Barbara Reed 

Bruce-Warrington-profile-page.jpgOur birthday Standards Heroes have been nominated by their peers to represent all our contributors - individuals we consider to be the real heroes of standards, in Australia and internationally. We thank those who contribute their knowledge and expertise, service, and time to Standards Australia for the benefit of the Australian community.   

Barbara Reed has dedicated decades of her professional life to Records Management and positively impacted many standards in this line of work. 

 
How did you become involved in standards development?  

I became involved in the development work for writing an Australian Standard on records management way back in the beginning as a subject matter expert – I think 1992-3.  

I was initially involved in the sub-committee level working on writing content for the first Australian Standard in this area. Over the next few years, I ended up chairing the sub-committee as people fell by the wayside and so began to contribute to the main Standards Australia committee.  

In 1997, partly by chance, as I was then in London, I attended the preliminary meeting of an international group interested in adopting the Australian Standard as an international standard. While the votes were there to adopt the Australian Standard internationally, the international community decided to conduct a re-development.  

I was the head of the Australian delegation to the international committee for over 20 years, and prime author for many of the foundational standards established locally and internationally. I retired from the international committee in 2019 and now chair the Australian IT-021: Records and Document Management Systems committee.  
 
What role have standards played in your career?    

Standards work has followed me through a variety of positions through my career, supported by my employers and professional associations. My continued involvement has been underpinned by a desire to guide practitioners into more consistent and defensible information behaviours and actions. I have been very lucky to work with fabulous colleagues both locally and internationally.  

As a teacher I have worked to involve emerging practitioners into the evolution of standards, and I continue to teach standards-based practice to post graduate students.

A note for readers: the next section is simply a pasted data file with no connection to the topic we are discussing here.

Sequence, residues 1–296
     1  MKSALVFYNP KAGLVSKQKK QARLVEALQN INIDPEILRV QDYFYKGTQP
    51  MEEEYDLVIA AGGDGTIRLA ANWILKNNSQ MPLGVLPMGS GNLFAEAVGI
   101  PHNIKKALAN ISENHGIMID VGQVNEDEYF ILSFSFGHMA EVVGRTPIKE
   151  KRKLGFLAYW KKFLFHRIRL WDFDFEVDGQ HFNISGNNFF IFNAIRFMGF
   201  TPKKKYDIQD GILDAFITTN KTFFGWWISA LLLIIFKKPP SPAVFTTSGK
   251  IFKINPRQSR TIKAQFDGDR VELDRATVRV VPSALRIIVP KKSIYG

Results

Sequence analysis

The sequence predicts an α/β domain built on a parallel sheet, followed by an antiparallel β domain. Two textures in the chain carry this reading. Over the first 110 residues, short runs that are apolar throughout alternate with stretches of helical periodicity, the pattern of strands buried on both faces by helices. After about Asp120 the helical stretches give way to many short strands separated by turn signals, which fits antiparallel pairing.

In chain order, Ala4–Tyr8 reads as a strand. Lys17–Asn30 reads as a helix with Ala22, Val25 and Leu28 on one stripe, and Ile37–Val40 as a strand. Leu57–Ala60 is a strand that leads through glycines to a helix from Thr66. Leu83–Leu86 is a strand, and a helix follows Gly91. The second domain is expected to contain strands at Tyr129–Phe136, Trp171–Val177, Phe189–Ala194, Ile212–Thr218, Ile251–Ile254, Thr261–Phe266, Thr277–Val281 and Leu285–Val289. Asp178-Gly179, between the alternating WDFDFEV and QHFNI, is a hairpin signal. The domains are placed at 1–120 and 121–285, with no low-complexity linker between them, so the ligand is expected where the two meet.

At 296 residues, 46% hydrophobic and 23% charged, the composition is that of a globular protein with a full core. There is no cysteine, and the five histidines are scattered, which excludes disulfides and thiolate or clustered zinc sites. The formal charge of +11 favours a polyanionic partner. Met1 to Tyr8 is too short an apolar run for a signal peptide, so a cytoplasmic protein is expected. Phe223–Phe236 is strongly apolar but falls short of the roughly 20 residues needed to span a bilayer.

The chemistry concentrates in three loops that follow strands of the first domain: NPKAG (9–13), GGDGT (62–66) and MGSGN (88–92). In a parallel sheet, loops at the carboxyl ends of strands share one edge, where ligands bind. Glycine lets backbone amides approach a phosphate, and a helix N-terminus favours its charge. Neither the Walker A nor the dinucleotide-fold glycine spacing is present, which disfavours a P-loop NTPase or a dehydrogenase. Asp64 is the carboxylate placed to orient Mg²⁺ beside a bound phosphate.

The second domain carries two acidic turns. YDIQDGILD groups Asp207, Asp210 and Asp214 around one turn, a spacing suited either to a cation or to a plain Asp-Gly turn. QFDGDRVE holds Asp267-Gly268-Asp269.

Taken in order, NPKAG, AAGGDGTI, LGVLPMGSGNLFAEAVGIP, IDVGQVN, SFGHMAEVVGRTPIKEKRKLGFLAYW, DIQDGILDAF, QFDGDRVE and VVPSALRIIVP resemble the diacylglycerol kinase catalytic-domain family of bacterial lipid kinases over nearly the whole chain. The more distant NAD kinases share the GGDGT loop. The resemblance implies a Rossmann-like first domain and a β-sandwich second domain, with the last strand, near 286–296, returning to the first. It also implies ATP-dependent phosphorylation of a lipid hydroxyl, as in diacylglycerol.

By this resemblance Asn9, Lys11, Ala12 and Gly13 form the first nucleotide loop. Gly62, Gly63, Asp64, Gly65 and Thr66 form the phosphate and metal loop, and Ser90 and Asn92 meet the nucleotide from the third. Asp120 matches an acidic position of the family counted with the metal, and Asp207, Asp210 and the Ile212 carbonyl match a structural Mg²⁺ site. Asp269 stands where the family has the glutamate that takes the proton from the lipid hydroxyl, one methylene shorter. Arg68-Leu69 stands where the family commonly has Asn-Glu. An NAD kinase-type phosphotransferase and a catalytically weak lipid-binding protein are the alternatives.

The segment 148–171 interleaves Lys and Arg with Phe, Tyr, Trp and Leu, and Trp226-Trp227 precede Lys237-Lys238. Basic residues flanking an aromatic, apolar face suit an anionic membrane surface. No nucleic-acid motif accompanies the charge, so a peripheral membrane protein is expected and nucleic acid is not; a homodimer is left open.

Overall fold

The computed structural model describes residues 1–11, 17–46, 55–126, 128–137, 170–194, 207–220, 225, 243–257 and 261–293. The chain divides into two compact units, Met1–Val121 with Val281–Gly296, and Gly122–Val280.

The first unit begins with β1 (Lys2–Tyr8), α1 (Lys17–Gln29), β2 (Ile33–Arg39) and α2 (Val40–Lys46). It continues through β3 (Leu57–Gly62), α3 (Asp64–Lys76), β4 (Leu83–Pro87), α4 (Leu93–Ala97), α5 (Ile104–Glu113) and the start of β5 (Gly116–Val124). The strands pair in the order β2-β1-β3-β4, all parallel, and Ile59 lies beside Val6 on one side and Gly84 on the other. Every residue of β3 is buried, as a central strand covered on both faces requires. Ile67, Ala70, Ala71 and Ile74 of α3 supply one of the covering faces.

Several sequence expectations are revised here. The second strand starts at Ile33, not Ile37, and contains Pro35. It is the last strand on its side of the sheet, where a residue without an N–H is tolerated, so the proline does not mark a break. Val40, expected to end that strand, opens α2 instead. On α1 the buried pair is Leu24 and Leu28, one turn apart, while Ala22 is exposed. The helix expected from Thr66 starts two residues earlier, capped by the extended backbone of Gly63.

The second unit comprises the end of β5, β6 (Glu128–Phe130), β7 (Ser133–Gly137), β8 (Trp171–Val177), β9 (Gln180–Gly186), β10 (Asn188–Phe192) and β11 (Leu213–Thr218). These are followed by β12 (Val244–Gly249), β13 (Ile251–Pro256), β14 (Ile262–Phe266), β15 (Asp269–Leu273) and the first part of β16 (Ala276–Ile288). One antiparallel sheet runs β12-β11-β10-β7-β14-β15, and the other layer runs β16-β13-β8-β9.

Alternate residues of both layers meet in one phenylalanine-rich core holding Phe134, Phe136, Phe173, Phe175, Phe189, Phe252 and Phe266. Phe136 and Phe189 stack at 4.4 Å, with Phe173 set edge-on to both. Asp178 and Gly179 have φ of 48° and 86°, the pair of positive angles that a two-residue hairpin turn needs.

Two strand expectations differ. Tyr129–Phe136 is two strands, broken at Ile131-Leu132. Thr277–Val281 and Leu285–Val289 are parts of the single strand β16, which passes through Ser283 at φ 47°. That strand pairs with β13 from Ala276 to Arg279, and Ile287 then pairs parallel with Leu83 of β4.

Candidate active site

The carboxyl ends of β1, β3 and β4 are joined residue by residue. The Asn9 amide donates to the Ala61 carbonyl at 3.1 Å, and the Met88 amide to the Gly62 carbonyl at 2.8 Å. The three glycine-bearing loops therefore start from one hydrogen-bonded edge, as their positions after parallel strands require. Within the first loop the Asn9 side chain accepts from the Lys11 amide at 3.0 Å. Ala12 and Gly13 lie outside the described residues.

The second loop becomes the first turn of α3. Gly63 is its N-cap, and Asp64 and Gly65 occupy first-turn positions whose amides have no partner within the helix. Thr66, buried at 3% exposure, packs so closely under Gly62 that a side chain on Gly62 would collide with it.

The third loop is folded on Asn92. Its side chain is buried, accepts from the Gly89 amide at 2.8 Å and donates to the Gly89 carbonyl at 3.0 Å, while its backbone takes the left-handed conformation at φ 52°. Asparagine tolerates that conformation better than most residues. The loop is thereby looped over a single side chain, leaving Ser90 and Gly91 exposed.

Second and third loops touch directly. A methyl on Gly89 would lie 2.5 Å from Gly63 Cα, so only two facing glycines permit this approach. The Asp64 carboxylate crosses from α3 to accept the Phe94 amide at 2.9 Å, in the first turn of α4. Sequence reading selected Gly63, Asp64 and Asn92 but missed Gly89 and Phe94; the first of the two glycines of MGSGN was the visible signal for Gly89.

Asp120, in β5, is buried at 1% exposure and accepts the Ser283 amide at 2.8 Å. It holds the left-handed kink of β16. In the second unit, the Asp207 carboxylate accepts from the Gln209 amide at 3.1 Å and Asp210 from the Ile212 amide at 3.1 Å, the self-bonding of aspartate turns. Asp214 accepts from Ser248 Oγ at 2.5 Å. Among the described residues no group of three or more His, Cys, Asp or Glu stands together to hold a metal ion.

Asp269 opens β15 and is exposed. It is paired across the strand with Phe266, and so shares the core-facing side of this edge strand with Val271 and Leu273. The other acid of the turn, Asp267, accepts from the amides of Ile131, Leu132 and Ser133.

What is a project you’ve been particularly proud to have helped deliver?  

The development of the first Australian Standard (AS 4390) and the work to convert this to a successfully launched international standard on records management, ISO 15489, was a real landmark for the profession in which I am proud to have had a major role. This work unified a community which was fiercely protective of jurisdictional operating practice and significantly influenced practice.   

Outside of standards development, what have been some highlights of your career?  

Writing, researching and teaching in the realm of recordkeeping and contributing to transforming business practice to support accountable recorded information in the form of records has been a highlight. I’ve written extensively with colleagues to support digital transformation of business. As a result, I’ve been lucky enough to work with some of the leading researchers in the field and translate emerging research into implementable best practice. 

I continue this work bringing a social and cultural lens to the role of records supporting rights of individuals who are the subjects of records to participate actively in how records are created, managed and maintained for both short-and long-term outcomes supporting social justice and human rights. 

What do you think the future of standardisation looks like?  

Standards remain a potent instrument in the toolbox for organisations, product developers and individual practitioners. Creating harmony across products, resisting overt techno-solutionism and stressing sustainability and longer-term social benefit remains a key motivating feature of the best of standards development. Finding the core principles, features and components onto which practice, and products can be built provide the standards environment with a fertile field of operations well into the future. Making standards more easily accessible, reducing cost barriers impeding their use and, where applicable, making standards machine processible will enhance their uptake. 

Is there anything you’d like to say or mention about Standards Australia’s centenary year?

Standards Australia is an invaluable contributor to Australian industry across the board.  

Its support of industry to create consensus represents the best of collegial cooperation of disparate individuals contributing to a shared best practice outcome. In my field, the support of Standards Australia has enabled our community to ‘punch above its weight’ in the international standards domain. 

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